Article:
Apple’s clever strategy for forcing partners to use Face ID

“When Apple announced the iPhone X last week, the most sophisticated (and widely predicted) feature revealed was the facial recognition approach, called Face ID,” Evan Schuman writes for Computerworld. “But by choosing to go all or nothing with the iPhone X — it’s only Face ID, with no support for Touch ID — the big risk for Apple was that all the companies that support Touch ID in their apps wouldn’t quickly make the move to Face ID. So Apple made the decision for them.”

“If Amazon, Chase, Fidelity or any of the other major companies whose apps use Touch ID as a way to log in without a password had failed to make the move to Face ID, their customers would have been forced to go back to typing in long passwords. Apple, ever mindful of customer experience, chose to not permit that to happen,” Schuman writes. “To make sure that companies use Face ID in their apps, Apple simply didn’t give them any practical choice.”

“‘They have released the dev kit to the world, and it works exactly like Touch ID, from a development point of view,’ said Michael Fey, lead iOS developer for 1Password. The API for Touch ID ‘is the exact same API for how Face ID works,'” Schuman writes. “Steve Schult, senior director of product at LastPass, agreed. “Face ID will work right out of the box,” Shult said. “If we did nothing, the user will be able to use Face ID on our app.'”

iPhone X
iPhone X

“If Face ID proves to have real problems in the field — problems that Apple can’t quickly fix with a software patch — then partners would have justification in exploring authentication alternatives. Still, asking the likes of Chase or Amazon to create their own biometric approach is asking quite a lot,” Schuman writes. “If that happens, Apple will be in a world of hurt, since its high-priced iPhone X units have no hardware means of going back to Touch ID. This would be far more painful than the dreadful problems early in the Apple Maps rollout.”

Read more in the full article here.

MacDailyNews Take: We expect that Apple’s attention to detail – Face ID demos and Apple TV remotes notwithstanding – virtually guarantees that they are damn sure the Face ID hardware is good to go before they begin shipping millions upon millions of iPhone X units.


  1. Sounds more like contrived than clever to me. Really: did we *need* Face ID? Probably not, in my opinion. I understand the logic, and in theory it sounds good: lift your phone, it is automatically ready for input. Still, it is hardly a hassle to put a finger on a device. I’ll be curious to see how it plays out.

    1. I think it had more to do with increasing screen real estate and pushing people into AR like with animojis and SnapFace. They wouldn’t have kept Touch ID if Face ID was a vastly more secure system.

      1. One more thing; TouchID wasn’t all that reliable. Under optimal conditions, it works consistently and reliably all the time. But those optimal conditions are that your finger (thumb) is dry (aside from natural skin moisture), as is the TouchID sensor on your device. If either of them gets wet (washing hands, rain, pool, beach), TouchID will fail and you have to type it in.

        FaceID will, in all likelihood, significantly reduce the percentage of situations where user must type the passcode due to the failure of FaceID, compared to TouchID.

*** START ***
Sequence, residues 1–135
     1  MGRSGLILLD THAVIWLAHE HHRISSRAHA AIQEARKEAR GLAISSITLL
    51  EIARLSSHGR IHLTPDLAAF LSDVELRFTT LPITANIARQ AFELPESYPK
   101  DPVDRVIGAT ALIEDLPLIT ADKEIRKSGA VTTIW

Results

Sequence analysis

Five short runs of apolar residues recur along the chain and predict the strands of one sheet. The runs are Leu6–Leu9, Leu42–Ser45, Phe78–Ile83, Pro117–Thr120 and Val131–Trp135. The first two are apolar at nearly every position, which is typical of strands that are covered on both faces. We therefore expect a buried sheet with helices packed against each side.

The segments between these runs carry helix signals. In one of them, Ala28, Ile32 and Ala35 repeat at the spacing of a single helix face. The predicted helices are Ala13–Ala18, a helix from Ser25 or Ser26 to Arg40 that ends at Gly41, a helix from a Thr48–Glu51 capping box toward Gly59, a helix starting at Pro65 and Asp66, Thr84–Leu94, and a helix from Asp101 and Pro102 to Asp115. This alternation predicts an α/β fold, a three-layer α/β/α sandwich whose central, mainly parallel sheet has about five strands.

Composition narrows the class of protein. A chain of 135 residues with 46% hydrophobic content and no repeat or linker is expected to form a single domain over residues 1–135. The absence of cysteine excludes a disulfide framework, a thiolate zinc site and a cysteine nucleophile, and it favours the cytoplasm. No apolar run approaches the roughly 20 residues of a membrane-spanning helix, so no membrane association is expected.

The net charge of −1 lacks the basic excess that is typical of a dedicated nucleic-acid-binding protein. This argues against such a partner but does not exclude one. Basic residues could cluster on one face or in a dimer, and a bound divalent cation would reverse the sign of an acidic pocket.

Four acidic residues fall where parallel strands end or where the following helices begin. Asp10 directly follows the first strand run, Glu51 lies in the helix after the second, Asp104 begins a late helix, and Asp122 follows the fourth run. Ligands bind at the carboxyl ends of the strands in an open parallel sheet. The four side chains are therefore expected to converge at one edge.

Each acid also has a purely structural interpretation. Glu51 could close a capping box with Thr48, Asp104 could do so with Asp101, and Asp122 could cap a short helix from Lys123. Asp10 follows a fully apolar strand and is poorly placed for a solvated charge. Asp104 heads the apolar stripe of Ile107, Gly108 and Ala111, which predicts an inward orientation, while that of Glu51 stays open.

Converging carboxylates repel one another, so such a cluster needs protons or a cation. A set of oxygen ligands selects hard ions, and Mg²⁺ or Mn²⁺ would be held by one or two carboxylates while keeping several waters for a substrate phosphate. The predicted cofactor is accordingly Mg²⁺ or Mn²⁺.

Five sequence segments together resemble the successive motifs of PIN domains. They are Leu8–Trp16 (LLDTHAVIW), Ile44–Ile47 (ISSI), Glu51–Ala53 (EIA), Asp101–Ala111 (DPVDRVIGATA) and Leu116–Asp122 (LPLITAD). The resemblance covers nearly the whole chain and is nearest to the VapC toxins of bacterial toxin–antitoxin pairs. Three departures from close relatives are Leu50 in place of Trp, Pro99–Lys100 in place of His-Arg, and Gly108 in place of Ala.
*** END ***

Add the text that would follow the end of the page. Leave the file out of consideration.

1. Touch ID never worked for me. I have very dry skin, work with my hands a lot and could never keep TID going. So, FID is all or nothing. I have nothing to loose, so all the whining about loosing TID is meaningless.

          Those who say you lose touch with your banking, etc. don’t know what they are talking about. I have multiple financial accounts, Banks, Broker, cards that couldn’t care less how I access them.

  2. This idea that Apple is forcing devs to add support for Face ID is complete BS. Face ID authentication is surfaced using the same API calls as Touch ID. From a developers’ standpoint there is no difference whatsoever.

    1. I can’t imagine the reason why one wouldn’t use the FaceID (especially for people who actually used TouchID before that), but that’s of course everyone’s personal choice and not a matter to argue.

      You will always be able to type in your passcode to unlock.

    2. I am also not sure why the word “feature” was in quotes (implying that FaceID isn’t really a legitimate feature). By any meaningful measure, implementing a biometric unlocking functionality is quite a breakthrough feature for any kind of device, especially a mobile phone.

        1. That some people may not want to use some feature does not make it less of a feature.

          My deaf cousin will never use Siri, but she very well understands how significant a feature it was when it was introduced.

    1. Not necessarily. They all know they’d never be invited back if they strongly criticized a product. Think about it, when’s the last time any product from any company was truly panned in a major publication? This isn’t about Apple, this is the reality of journalists completely dependent on the good graces of major corporations for revenue. They will not bite the hand that feeds them.

  3. The author of the article is quite the curmudgeon. He seems skeptical of Apple’s reason for why FaceID didn’t work as intended during Federighi’s keynote, even though it was Yahoo’s David Pogue who first seemed to understand what had happened, and only later did Apple explain the situation.

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